Hubertus Thomas1 Petra Rettberg4 Gregor Morfill3 Julia Zimmermann3 Meike Mueller1 Markus Thoma2 Tetsuji Shimizu5

1, DLR-Institute of Materials Physics in Space, Wessling, , Germany
4, Institute of Aerospace Medicine, DLR, Cologne, , Germany
3, terraplasma GmbH, Garching, , Germany
2, University of Giessen, Giessen, , Germany
5, National Institute of Advanced Industrial Science and Technology, Tsukuba, , Japan

Cold Atmospheric Plasmas (CAP) are commonly used in plasma medicine and plasma hygiene due to its sterilizing conditions. We are presenting a new device based on the circulation of the long-living species of an afterglow air CAP for the decontamination of space equipment. In space exploration the decontamination of equipment for the visit to other planets or moons is very strictly regulated through the planetary protection policies of the Committee on Space Research (COSPAR). Proven methods for the decontamination are using for treatment of the equipment dry heat or H2O2-gas, both having negative side effects in addition to the decontamination efficacy.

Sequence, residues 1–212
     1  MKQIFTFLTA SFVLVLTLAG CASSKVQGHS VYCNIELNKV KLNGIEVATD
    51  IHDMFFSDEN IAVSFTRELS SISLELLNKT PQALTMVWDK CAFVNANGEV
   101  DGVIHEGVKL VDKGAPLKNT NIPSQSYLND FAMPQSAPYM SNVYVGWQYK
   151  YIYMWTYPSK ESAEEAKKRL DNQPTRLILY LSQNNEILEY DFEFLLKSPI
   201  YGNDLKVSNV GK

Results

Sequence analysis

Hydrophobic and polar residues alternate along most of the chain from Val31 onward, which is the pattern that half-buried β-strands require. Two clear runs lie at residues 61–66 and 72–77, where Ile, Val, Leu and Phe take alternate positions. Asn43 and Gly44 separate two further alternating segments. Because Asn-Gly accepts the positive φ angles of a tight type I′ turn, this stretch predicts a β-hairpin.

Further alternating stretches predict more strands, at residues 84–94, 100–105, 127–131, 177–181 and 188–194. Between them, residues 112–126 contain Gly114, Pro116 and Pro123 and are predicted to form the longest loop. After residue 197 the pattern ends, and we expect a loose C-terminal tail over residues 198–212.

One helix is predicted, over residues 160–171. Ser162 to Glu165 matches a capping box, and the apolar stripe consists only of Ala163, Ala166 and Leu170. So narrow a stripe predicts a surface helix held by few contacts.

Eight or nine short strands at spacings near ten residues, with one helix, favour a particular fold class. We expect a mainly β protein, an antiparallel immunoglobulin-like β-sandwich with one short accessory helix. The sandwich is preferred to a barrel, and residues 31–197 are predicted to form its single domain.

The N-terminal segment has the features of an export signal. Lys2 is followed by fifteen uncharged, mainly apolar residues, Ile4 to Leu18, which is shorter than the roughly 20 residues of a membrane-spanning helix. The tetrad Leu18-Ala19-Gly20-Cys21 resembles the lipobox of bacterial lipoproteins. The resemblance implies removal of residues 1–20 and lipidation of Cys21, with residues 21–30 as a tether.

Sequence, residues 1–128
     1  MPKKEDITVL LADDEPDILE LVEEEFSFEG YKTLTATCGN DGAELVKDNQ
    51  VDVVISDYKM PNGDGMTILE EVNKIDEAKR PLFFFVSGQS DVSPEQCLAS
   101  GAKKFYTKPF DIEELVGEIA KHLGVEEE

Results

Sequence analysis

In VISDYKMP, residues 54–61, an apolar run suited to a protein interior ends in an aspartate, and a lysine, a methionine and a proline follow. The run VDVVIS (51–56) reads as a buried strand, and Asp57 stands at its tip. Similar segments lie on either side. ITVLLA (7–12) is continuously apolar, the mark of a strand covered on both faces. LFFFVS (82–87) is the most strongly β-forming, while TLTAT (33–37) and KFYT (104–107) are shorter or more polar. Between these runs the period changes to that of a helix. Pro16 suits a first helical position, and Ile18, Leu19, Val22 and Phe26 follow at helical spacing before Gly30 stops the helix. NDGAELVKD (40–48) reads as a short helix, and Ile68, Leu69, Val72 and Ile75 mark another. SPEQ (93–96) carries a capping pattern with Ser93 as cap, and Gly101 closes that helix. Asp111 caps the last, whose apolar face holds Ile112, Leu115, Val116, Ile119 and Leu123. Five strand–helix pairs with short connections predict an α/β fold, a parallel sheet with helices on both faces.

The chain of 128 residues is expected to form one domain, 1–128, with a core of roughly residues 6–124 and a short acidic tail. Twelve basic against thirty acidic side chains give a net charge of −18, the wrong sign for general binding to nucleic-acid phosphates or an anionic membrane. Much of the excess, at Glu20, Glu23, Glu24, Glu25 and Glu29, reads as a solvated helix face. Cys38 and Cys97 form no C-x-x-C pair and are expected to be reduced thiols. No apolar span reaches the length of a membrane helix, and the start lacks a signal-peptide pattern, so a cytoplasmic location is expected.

In a first project we investigated the use of afterglow plasma produced in a CAP for the decontamination effects on bacterial spores [1]. The afterglow plasma contains only the long-living species like ozone, NO2, etc. which allows the treatment of very sensitive materials at room temperature. In a follow-on project the apparatus was completely redesigned to gain efficacy, stability and reproducibility.

Measurements of the decontamination efficacy combined with physical measurements of the produced reactive components (measured by FTIR and UV absorption spectroscopy) and their effect on treated materials allow a better understanding of the involved processes.

We will give an overview on the status of the plasma decontamination project funded by the Bavarian Ministry of Economics.

[1] Shimizu, Satoshi, Barczyk, Simon, Rettberg, Petra, Shimizu, Tetsuji, Klaempfl, Tobias, Zimmermann, Julia L., Hoeschen, Till, Linsmeier, Christian, Weber, Peter, Morfill, Gregor E. and Thomas, Hubertus, Cold atmospheric plasma - A new technology for spacecraft component decontamination. Planetary and Space Science, 90, Seiten 60-71. Pergamon-Elsevier Science Ltd. (2014).